While you'd think that 360-degree sound would mean they're best placed in the middle of a room, it actually helps to place these speakers near a wall to get some reflection, which improves the bass.
The Revolve sounded the same whether plugged in or running via battery, although Bose says output is limited slightly to conserve power when the battery dips below 30 percent. It was hard for me to tell the difference, but some people might.
The Revolve has an integrated microphone so it can be used as speakerphone, a feature that worked well in my tests. There's NFC tap-to-pair technology for devices that support it, and more importantly you can wirelessly pair two of these speakers (or other recent Bose Bluetooth speakers starting with the SoundLink Color II) using the Bose Connect app, configuring them as a set of stereo speakers or doubling them up to augment the sound. (You can also upgrade the speaker's firmware via the app which is important to do because Bose is already updating the speaker's software to quash any bugs and hopefully improve the overall performance).
To test stereo pairing I threw on some tracks from the '60s and '70s (The Rolling Stones, The Doors and The Beatles) that feature a lot of stereo separation. They sounded good for compact, battery-powered wireless speakers, but don't expect a pair of Revolves to beat a decent set of wireless powered speakers such as Bose's ownor speakers, both of which can be set up as a stereo pair.
Louder, meet smaller
I'll repeat what I said about the Revolve Plus. When I say this Bose sounds excellent, what I really means is that it sounds excellent compared to other very compact Bluetooth speakers. The fact is you could hit a patch where you say to yourself that sounds a little rough -- or a little weird. The Revolve is only capable of so much, and can't quite escape the boundaries inherent in streaming audio over Bluetooth to a small speaker.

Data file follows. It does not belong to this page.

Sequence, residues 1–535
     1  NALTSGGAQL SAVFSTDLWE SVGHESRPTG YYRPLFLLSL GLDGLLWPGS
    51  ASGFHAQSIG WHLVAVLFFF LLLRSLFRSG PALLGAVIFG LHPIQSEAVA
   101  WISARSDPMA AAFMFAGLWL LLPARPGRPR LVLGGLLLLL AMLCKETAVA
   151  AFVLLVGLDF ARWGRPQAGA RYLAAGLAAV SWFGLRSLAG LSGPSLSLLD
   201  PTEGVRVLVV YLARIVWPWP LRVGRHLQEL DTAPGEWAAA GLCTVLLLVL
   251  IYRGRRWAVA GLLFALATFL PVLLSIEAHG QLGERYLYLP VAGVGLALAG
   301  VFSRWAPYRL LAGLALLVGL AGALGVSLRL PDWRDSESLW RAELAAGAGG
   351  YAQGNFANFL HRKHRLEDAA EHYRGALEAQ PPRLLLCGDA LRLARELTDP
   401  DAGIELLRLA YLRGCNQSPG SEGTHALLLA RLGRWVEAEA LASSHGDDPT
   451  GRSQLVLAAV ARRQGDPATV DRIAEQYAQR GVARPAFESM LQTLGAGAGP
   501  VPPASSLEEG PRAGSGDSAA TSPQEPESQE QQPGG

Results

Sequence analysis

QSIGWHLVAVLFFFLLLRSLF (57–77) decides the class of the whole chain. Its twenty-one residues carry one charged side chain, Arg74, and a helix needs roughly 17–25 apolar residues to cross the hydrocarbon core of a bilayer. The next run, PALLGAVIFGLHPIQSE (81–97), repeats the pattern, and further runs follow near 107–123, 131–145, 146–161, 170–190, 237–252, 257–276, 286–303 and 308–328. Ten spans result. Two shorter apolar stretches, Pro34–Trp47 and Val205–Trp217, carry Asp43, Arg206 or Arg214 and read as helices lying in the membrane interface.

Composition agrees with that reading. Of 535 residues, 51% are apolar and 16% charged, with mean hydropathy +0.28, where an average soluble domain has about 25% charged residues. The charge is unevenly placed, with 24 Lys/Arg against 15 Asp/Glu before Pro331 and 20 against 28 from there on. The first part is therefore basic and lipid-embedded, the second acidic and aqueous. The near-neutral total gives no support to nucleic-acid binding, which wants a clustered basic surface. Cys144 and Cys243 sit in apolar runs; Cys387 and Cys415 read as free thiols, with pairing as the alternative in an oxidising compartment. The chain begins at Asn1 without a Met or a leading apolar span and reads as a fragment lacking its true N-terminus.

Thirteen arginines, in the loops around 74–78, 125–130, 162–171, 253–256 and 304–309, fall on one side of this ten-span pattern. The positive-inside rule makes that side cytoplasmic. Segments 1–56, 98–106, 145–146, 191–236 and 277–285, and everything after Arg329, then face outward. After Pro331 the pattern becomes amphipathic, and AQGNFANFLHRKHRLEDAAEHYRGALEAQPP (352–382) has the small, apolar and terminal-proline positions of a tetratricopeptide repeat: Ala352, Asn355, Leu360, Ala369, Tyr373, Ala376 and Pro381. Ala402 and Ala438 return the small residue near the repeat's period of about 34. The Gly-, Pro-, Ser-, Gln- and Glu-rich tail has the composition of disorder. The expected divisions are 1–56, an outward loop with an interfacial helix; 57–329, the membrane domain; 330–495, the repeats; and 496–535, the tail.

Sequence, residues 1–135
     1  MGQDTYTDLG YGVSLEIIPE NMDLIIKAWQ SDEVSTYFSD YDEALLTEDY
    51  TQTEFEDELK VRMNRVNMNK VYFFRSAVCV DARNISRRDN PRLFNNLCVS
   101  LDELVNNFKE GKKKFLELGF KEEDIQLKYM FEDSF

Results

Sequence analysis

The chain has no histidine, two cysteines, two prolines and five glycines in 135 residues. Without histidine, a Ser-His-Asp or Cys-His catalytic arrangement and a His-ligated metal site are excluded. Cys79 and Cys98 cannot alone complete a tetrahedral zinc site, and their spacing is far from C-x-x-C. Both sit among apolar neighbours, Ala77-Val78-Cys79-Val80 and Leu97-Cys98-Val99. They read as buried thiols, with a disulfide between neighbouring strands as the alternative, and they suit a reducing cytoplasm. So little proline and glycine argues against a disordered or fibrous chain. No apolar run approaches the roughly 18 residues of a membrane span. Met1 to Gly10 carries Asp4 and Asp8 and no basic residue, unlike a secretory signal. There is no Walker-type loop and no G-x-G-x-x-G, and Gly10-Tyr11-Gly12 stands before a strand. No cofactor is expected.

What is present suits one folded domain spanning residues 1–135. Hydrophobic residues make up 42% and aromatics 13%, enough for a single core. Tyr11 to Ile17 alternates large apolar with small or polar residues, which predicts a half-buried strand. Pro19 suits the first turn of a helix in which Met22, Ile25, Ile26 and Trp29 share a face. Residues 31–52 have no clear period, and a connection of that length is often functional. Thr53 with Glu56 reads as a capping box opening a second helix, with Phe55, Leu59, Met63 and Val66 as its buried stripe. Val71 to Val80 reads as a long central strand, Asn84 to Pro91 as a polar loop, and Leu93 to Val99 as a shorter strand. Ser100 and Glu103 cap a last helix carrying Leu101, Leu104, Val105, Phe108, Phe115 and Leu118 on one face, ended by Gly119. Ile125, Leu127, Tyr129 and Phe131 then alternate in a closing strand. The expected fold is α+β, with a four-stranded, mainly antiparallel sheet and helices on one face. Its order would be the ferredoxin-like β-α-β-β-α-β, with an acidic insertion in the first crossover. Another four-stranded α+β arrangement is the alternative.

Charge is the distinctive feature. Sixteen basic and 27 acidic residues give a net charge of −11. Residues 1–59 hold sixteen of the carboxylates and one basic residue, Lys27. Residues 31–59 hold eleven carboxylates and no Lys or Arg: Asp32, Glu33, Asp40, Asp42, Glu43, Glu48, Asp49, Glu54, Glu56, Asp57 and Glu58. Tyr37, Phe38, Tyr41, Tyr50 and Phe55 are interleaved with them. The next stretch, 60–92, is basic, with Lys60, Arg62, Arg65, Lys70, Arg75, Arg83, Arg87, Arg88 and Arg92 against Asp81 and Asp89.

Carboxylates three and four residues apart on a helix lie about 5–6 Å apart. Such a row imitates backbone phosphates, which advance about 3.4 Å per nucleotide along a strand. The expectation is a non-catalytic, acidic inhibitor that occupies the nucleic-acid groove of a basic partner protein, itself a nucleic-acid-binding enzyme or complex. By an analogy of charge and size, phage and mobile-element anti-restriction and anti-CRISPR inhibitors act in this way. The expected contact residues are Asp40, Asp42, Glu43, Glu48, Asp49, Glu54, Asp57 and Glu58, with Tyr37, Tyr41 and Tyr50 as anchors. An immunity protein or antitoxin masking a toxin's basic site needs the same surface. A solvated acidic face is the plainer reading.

What separates the Bose from its competitors is the ability play a little louder, put out more bass without distorting and sound a little more natural with decent detail. For example, UE's Wonderboom, which retails for a third of the price and is an excellent mini Bluetooth speaker, stumbled over parts of the bass line in the Shaun Frank remix of The Chainsmokers' "Closer." The Revolve managed to get through those sections without breaking up. It didn't sound great when I hit with deep bass or complicated music, but it sounded better than most small speakers.
Audiophiles will find fault with the Revolve's sound, particularly compared to wired $200 speakers. But the vast majority of people will think it's a great sounding little speaker that can be easily moved from room to room or carried outside, where it can fill a patio area with sound -- maybe not at dance party-level, but certainly at background music volumes.
As I said, I personally find myself leaning towards spending the extra dough on the SoundLink Revolve Plus, but if you don't need that extra bit of fullness and volume, you'll be quite happy saving some money with the Revolve.
- Dimensions: 6 inches high, 3.25 inches deep, 1.5 lbs.
- IPX4 water-resistant
- Shock resistant
- Threaded tripod mount on bottom of speaker
- Battery life: 12 hours
- NFC tap-to-pair technology (with devices that support NFC)
- Bose Connect app connects two SoundLink speakers starting with Bose SoundLink Color II ($130 at Best Buy) (stereo pairing or double-up party mode).
- Integrated microphone to use as speakerphone or with Siri and Google Assistant
- Colors: triple black, gray lux
- Price: $199, £199.95, AU$299